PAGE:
Fear and uncertainty in politics
A Lonely Quest for Facts on Genetically Modified Crops
It is not unreasonable to have some concerns when discussing genetically modified crops, especially related to cross-pollination, patents, and the business practices of the companies providing such crops. All of these things are touched upon in the article, as the politician, Greggor Ilagan, tries to understand the issue, and the science relating to it.
Unfortunately, as Mr. Ilagan, also finds out, there is a lot of FUD (Fear-Uncertainty-Doubt) going on when it comes to G.M.O.s. None of it fact-based, but it sounds just plausible enough that people will believe it (especially when used in connection to phrases like "Frankencrops").
There have been some studies that indicates higher risks of cancer when eating G.M.O.s, but the scientists behind these studies appear to have been ideologically against G.M.O.s, and the studies have been found to flawed and has largely been retracted (including the much spoken about 2012 rat study from France). Indeed, the general consensus among scientists doing research into the subject, is that there is no difference in risks between conventional crops and modified crops - something which is hardly surprising, considering the biology behind it.
In 2010, the European Commission (hardly a strong proponent of G.M.O.s) released their research into the harms from G.M.O. In the press release it was described thus:
In order to help inform debate on genetically modified organisms, the European Commission is publishing today a compendium entitled "A decade of EU-funded GMO research". The book summarizes the results of 50 research projects addressing primarily the safety of GMOs for the environment and for animal and human health. Launched between 2001 and 2010, these projects received funding of €200 million from the EU and form part of a 25-year long research effort on GMOs.As I said before, the EU and the European Commission can hardly be considered strong proponents of G.M.O.s. Indeed they put off allowing G.M.O.s for a long time, while researching the potential side-effects. This is part of the general principle of caution, under which the EU usually handles these things - in the EU it generally has to be demonstrated that there are no harmful side-effects, before it is allowed, while in the US, the tendency is to demand that a harmful side-effect be proven, before not allowing it.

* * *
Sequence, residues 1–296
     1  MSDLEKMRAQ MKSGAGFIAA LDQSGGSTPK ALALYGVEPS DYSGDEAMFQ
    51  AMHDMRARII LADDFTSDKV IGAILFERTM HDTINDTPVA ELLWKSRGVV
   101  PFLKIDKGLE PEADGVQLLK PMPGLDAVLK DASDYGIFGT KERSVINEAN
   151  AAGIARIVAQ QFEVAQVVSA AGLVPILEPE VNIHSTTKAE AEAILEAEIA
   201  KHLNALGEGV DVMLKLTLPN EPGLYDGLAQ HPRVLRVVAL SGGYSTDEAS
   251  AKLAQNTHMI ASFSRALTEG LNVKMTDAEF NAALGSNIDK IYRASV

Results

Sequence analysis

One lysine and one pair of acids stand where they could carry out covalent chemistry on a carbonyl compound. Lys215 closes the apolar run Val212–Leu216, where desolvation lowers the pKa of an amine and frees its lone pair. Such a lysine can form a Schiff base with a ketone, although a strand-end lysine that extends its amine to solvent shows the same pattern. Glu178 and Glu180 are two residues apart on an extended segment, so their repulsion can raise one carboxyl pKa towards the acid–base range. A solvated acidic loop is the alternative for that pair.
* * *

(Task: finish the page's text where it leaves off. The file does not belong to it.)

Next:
The summarization of 25 years of research into the potential side-effects of G.M.O.s was summed up thus in the press release:
According to the projects' results, there is, as of today, no scientific evidence associating GMOs with higher risks for the environment or for food and feed safety than conventional plants and organisms.I highly recommend downloading and reading the book (pdf).
Back to the NY Times article. Mr. Ilagan spent the time necessary, and talked to the people with the proper expertize, in order to get to understand the subject well enough to make an informed vote. He appears to have been alone, or nearly alone, in this, and instead the anti-science ignorance spread by anti-GMO advocates were allowed to carry the day. The ban was approved 6 votes to 3.
Many issues related to science are complex, and it is even harder to get to understand them when there are people actively promoting misinformation, no matter whether they are grassroots organizations or think-tanks.
When politicians face decision making relating to such an issue, they could much worse than try to follow in the footsteps of Mr. Ilagan. As the EC compendium correctly states:
Sound policy, while needing to take account of a wide range of views, must be based on sound science.All to often, anti-science is allowed to carry the day.